British Divers Marine Life Rescue
British Divers Marine Life Rescue (photo: Steve Marsh)
British Divers Marine Rescue


2005-08-01 15:34:33

Medics called out to net entangled turtle, Cornwall

At about 10:00am, a call was received regarding a large turtle caught in nets off Botallack, near Land’s End, reported by a helicopter crew undertaking a survey from RNAS Culdrose. Coordinators Dave Jarvis and Tim Bain with Medics Lesley Jarvis gathered together some equipment whilst Sue White at Head Office called out Medics Rory Goodall and Barry Andrew, with Phil Hazell from Gulf Stream Scuba, to find the turtle. I was also called as I was already out searching unsuccessfully for a net entangled seal pup at Logan’s Rock, near Porthcurno on the other side of Land’s End with Medic and veterinarian Richard Hillam aboard the RIB belonging to Penzance BSAC Club. Landing at Lamorna, I left the divers with instructions on what to do if they did happen across the seal while out during the afternoon, and then called Dave to get details of the turtle stranding.

Just before our arrival, Rory called to say that he had found the turtle, and that, unfortunately, it appeared to have been dead for a while, due to its carapace beginning to bleach white. With the help of Lindsay from the National Trust, we located the turtle floating at the surface next to a buoy near Wheal Edward Zawn. Barry and Phil had also found the turtle and managed to find a way down the cliffs at the far side of the cove, and proceeded to swim out to it to give it a more thorough check. Medic Martin Gaunt from Oscha Productions (who created the ‘Marine Team’ video) also arrived at this point with Jess. Barry and Phil found that apart from a strong smell, most of the head was missing, and there was some damage to the flippers. It was also obvious that carrying the turtle up the cliff would be an impossible task. The incident now passed over to the Cornwall Wildlife Trust Strandings Network. Barry and Phil returned to shore and left the site, while Strandings Network Coordinator Jan Loveridge organised a boat to bring the turtle in to a more accessible place. While waiting for the RNLI inshore lifeboat from Sennen to arrive, which was already out on an exercise in the area and kindly offered their assistance, we were treated to some spectacular views of a small basking shark feeding at the surface in the cove below us that was then joined by a 'bottling' seal. At about 3pm the ILB duly arrived and the crew disentangled the body, whilst the curious basking shark passed close by, and they then proceeded to tow it back to Cape Cornwall.

About half an hour later, Dave, Lesley, Tim and myself waded out on to the slipway at Cape Cornwall to meet the ILB crew bringing the turtle carcass in. A huge crowd gathered around, which required some control. Two of the ILB crew helped us haul it further up the slipway on a tarpaulin that we positioned underneath it. Fortunately, crowd control became less of a problem when the smell started to spread, partly due to the extremely hot atmosphere in the protected cove. We thanked the ILB crew, who then headed home. Examining the carcass, the right foreflipper was missing along with most of the head. Decomposition and scavenger damager was also present on the remains of the head and missing limb, and also on the rear right flipper and tail. The leatherback turtle measured 1.65m from head to the tip of the shell, and was extremely heavy. We measured and recorded the animal & liaised with Jan to arrange for transport to take the body for a Post Mortem. The local fishermen and Cape Cornwall Slipway Association assisted us by allowing the use of their boat winch to pull the carcass close to the top of the steep slipway (a 45° angle in places!).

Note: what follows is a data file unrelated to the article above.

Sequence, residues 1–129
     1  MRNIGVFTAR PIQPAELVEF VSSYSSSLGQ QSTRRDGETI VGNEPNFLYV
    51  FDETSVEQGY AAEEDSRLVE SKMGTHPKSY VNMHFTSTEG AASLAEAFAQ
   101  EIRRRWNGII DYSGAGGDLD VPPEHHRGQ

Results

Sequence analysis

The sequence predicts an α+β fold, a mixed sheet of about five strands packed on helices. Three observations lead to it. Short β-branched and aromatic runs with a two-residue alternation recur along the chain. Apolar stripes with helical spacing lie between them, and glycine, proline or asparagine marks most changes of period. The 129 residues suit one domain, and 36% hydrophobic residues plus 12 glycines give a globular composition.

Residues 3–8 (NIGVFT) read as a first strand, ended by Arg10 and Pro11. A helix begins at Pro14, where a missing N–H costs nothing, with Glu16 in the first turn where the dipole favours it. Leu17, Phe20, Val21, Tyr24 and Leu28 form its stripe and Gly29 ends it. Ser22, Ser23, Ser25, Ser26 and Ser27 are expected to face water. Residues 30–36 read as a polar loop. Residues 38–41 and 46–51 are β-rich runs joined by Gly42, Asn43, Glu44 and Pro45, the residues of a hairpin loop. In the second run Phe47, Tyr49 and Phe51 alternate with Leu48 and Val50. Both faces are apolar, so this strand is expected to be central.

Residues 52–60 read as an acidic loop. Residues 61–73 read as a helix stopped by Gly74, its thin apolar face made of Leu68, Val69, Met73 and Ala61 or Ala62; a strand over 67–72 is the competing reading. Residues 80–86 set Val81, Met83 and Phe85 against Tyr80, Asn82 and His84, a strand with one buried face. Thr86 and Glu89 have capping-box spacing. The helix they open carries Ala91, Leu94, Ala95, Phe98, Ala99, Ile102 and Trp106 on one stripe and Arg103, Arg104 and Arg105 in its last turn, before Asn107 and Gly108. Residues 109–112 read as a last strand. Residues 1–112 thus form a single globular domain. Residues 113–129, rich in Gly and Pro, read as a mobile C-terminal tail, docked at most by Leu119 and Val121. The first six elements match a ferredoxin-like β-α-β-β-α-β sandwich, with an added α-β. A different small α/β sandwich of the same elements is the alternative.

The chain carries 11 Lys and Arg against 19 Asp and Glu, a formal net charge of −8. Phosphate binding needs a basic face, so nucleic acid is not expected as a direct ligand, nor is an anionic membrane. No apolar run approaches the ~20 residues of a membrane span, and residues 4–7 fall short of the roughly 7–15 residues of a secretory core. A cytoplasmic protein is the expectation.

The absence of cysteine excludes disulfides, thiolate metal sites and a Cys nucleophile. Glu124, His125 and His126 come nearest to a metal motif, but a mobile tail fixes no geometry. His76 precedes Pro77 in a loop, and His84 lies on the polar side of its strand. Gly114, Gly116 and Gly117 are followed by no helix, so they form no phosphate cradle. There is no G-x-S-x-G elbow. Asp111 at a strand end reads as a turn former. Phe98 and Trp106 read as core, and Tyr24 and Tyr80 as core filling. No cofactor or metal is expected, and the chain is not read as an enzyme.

By 7pm, volunteers Mick Dawton, Dr. Nick Tregenza, Jayne Herbert, Caroline Curtis, Cathy Frost and Roger Driver had arrived with a trailer and land rover to put the carcass in and tow up to the top of the hill to the car park. Using the winch again, we moved the turtle across the slipway so that it was positioned in line with the trailer. Then, using ropes tied around the securing line already put in place by the ILB crew, we all managed to pull the turtle bit by bit up a makeshift ramp and finally into the trailer. The trailer was then towed up the path, and hitched back on to Caroline's car for it to be taken to VLA Polwhele in Truro the next day for delivery of the carcass. The incident was closed at 9pm, whereupon Tim, Dave, Lesley and myself rehydrated ourselves in a local pub!

We would like to thank all the volunteers from BDMLR and CWT who attended this incident, Terry George and the Sennen RNLI ILB crew, Gulf Stream Scuba, Lindsay at the National Trust, Strandings Network Coordinators Jan & Jeff Loveridge, Sue White and Director Alan Knight at BDMLR Head Office, the fishermen and Cape Cornwall Slipway Association at Cape Cornwall, Blue Reef Aquarium in Newquay, Paul Riley of Head and Head Veterinary Surgeons, Brendan Godley at Combined Universities in Cornwall and finally the residents and tourists at Cape Cornwall for their assistance, understanding and interest throughout. This is a great demonstration of the integrated multi-agency network that has been built up in Cornwall over the last couple of years, and proven to work extremely well in this type of situation.

Medic Dan Jarvis
BDMLR West Cornwall
(Newquay - Land's End - St Austell)

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